Emphasis on Liquefied Petroleum Gas (LPG)

Sign up for this very popular Fire & Gas Mapping introductory class with a special emphasis on Liquefied Petroleum Gas (LPG) available to those for just $95.00. To register for the course go to

  • Introduction class to fire and gas mapping using performance-based analysis for coverage assessments.
  • This class has a special emphasis on LPG storage based on a substantial accident.
  • The class is composed of classroom-type training followed by a project-based session to demonstrate the material covered in class.
  • Class includes both flammable (or toxic) gas scenario-based and fire geographic-based project work.
  • Class and exercise/demonstration are focused on ISA TR84.00.07.Find out about Westech Industrial’s Kenexis software packages available in Canada by visiting our website at or call to speak to one of our representatives at 1-800-912-9262.

Many industries utilize flammable gases that are held as a liquid under pressure, but if released into the atmosphere, they will flash to vapour in a short period of time. The most common of these chemicals are generically referred to as Liquefied Petroleum Gas (LPG), and most consist of propane and butane, and mixtures that primarily consist of these components. These chemicals are used for a variety of purposes ranging from consumption as fuels to feedstocks for a range of refining and petrochemical processes. While the flammable hazards of these chemicals are well known and well understood, recent events have caused many users of these chemicals to reconsider the range of safeguards that they employ to ensure the tolerability of risk associated with equipment containing these chemicals.

Process industries that utilize large quantities of LPG include petrochemicals and refining. For instance, in an oil refinery, LPG can be found in the following units Crude Unit, Gas Plant, Naphtha Reforming, FCC, Coking, Alkylation, along with tank farm storage areas. In general, petrochemicals and refining utilize fire and gas detection equipment to a lesser degree than other industries like offshore oil and gas production. The reason for less reliance on Fire and Gas Systems (FGS) is related to factors that have historically made these industries less risky, including:

  1. less congestion making it less likely a vapour cloud explosion occurs instead of a flash fire,
  2. Greater spacing of equipment items and lower density of equipment and personnel, and
  3. easier egress from the process area in the case of an emergency. As a result of these factors, petrochemical plants and petroleum refineries use FGS in limited applications.

Furthermore, safety and risk assessments that are used in these industries do not credit FGS with any measurable amount of risk reduction. Most of the industry utilizes an approach that includes qualitative HAZOP and semi-quantitative LOPA.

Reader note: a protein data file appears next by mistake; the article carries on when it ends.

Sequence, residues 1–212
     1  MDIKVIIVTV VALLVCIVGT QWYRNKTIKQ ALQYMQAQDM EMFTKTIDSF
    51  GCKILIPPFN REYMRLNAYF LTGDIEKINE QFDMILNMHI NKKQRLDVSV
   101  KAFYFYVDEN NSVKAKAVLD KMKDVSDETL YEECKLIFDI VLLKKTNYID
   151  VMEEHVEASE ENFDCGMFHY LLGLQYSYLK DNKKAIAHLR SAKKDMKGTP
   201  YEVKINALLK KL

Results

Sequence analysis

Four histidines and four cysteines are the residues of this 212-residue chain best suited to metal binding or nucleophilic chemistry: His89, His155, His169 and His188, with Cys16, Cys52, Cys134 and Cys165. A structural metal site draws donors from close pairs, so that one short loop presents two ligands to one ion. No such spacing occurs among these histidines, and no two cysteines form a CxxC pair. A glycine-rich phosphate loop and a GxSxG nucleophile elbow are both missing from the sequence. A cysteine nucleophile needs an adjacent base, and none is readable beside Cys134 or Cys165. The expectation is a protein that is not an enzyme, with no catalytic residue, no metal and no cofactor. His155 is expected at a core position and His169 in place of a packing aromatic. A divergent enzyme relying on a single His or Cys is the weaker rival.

Fire & Gas Mapping

Kenexis is a pioneer in the performance-based placement of fire detectors and gas detectors in the process industries, starting with their strong involvement of the ISA technical reports, premier technical safety consulting services, and best-in-class fire and gas mapping software – Effigy. Beyond their work with the standards committee, they have also developed the premier training course on fire and gas mapping, which is distributed through ISA as EC56P – Fire & Gas System Engineering – Performance-Based Methods for Process Facilities. We are also the authors of the only book available on fire and gas mapping, Performance-Based Fire and Gas Engineering Handbook (also published through ISA).

The process of determining the proper location and number of gas detectors is conceptually simple, but in application requires a lot of detailed work to be executed. Ultimately, one needs to generate a number of models that represent the dimensions of the gas clouds that would result from leaks in the equipment being protected. These models need to consider weather conditions (wind direction, speed, and atmospheric stability), release orientations, and release frequency. Then, each of the gas clouds needs to be assessed, one at a time, to determine if the gas cloud comes into contact with any of the proposed gas detectors. This analysis results in the calculation of scenario coverage, or what fraction of the releases (considering their relative frequencies) will be detected by a given array of detectors. This coverage assessment is compared against a numerical target (e.g., 80%) that is defined for the area based on the level of risk that it poses. As you can imagine, this is not a trivial amount of work, but it is definitely manageable, especially if sophisticated 3D computer tools are employed to do the heavy lifting.

Learn more at or call to speak to one of our representatives at 1-800-912-9262.